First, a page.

Skip to Main Content
Services Talent Knowledge
Site Search


Our attorneys stay on top of changes in legislation, agency regulations, case law, and industry trends—then craft timely legal alerts to keep clients up to date on legal developments important to their business.

March 18, 2019

Massachusetts Paid Family Medical Leave: Coming Soon

Massachusetts will soon offer one of the most generous family and medical leave programs in the country. While the law is complex and its requirements are being fleshed out by administrative regulations, the basics follow.

  • Beginning in 2021, most Massachusetts employees will be eligible, per benefit year, for to up to 26 total weeks, in the aggregate, of paid family and medical leave. Covered individuals are eligible for up to 12 weeks of family leave in a benefit year to care for a family member with a serious health condition or bond with a new child, and up to 20 weeks of paid leave to address their own serious health condition.
  • Under the proposed regulations, it appears the Department of Family and Medical Leave will be responsible for making decisions about whether to approve employees for paid leave under the law. Under the proposed regulations, all claims for benefits shall be supported by a certification evidencing that leave serves a covered purpose.
  • The program will be funded by a new payroll tax at the initial rate of 0.63 percent, which goes into effect beginning July 1, 2019. Benefit amounts will be determined based on a percentage of the employee’s weekly income, up to a maximum of $850 per week, with the maximum benefit adjusted periodically, and with the department administering the benefit program.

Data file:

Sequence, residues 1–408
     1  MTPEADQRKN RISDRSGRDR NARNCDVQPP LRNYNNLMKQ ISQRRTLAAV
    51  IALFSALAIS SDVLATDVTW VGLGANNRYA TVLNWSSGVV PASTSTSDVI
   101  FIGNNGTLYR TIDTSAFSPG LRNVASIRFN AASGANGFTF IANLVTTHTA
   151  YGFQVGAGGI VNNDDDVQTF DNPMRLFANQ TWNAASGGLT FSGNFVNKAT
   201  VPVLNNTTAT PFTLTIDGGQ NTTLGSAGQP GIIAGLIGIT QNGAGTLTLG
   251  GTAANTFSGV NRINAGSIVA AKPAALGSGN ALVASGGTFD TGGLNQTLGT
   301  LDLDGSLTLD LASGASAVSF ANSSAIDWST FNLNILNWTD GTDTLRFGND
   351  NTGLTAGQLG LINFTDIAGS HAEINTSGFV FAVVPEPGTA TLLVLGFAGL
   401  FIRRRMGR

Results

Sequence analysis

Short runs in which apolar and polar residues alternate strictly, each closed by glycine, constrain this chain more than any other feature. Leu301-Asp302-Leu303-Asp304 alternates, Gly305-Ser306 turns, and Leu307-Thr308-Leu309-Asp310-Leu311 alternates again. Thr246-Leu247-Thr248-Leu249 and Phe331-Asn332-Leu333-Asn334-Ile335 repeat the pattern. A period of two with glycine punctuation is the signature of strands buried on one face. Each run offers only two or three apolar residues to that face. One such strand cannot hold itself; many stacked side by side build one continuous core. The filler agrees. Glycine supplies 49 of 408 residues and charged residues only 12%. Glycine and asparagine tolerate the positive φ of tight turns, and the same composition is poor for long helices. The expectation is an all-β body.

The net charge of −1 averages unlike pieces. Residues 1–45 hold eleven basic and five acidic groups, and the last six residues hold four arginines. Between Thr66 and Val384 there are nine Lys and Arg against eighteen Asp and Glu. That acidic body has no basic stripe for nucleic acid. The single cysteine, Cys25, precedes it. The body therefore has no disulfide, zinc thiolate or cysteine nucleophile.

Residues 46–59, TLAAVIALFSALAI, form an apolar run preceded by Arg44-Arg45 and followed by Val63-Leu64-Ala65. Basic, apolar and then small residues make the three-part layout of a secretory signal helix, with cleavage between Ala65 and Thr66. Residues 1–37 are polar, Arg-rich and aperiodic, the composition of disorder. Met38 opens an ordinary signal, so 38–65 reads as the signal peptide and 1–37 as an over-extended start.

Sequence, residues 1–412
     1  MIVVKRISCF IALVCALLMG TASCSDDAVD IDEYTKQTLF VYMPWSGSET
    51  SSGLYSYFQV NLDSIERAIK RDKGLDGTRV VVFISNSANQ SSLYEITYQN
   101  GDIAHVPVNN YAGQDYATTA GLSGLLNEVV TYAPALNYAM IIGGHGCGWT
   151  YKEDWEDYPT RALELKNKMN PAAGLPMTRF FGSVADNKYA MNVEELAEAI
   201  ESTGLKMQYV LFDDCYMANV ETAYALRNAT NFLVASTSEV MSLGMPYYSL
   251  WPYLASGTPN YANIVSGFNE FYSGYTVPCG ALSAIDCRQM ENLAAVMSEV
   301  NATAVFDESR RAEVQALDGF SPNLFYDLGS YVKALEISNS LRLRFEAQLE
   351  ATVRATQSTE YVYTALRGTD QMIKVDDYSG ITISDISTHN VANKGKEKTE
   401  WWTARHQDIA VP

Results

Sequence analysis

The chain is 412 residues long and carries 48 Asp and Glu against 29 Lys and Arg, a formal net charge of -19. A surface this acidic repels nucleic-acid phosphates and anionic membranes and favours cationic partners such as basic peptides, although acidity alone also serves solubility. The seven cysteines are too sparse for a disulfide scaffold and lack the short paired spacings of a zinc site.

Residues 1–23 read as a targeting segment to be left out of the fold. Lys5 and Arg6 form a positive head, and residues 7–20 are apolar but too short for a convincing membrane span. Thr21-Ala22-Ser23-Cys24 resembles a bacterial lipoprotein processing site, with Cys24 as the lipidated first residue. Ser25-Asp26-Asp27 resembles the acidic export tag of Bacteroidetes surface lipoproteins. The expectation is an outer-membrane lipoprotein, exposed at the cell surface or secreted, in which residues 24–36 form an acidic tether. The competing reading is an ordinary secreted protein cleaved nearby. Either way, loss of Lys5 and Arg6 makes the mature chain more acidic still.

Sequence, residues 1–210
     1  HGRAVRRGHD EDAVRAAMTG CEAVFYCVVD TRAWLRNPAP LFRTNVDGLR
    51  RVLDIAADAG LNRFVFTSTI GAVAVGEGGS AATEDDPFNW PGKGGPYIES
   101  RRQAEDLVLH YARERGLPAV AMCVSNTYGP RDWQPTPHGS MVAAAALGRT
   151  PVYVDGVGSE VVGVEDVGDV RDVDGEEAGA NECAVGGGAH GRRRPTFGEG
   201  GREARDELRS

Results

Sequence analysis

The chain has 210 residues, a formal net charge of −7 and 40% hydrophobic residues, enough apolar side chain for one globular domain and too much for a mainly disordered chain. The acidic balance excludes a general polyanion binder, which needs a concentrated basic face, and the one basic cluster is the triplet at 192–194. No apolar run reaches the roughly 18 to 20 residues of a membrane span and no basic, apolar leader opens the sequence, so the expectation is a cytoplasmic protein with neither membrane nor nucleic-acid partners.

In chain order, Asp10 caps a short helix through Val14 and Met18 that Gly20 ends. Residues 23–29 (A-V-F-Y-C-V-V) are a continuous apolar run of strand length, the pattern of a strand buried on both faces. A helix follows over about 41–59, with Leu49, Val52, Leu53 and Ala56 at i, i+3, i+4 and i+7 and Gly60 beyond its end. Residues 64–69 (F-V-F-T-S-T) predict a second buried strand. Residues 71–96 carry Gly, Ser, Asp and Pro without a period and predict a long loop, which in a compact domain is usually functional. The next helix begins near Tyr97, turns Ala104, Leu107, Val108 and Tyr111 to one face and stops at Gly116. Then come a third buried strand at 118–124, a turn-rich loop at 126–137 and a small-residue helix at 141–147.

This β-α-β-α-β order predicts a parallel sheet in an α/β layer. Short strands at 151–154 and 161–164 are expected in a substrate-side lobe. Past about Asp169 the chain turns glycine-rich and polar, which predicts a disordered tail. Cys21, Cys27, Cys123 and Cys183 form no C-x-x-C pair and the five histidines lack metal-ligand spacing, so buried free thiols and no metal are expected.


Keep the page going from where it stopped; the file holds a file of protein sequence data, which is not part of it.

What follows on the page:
• The Massachusetts law applies to all Massachusetts employers, regardless of size.
  • The law allows employers to deduct part of the required contributions from each employee’s wages. Employers with more than 25 employees are required to make the full contribution but are able to deduct certain percentages of the contribution from the employee’s wages—up to 40 percent for medical leave and up to 100 percent for family leave. Employers with fewer than 25 employees do not have to pay the employer share of the cost.
  • Employers may apply annually to the department for approval to meet their obligations under the new law through a comprehensive private plan. To be approved for an exemption, the private plan must confer all of the same rights, benefits, and protections as those provided under the law. The proposed regulations, at this time, do not offer any further information regarding specific criteria for exemption.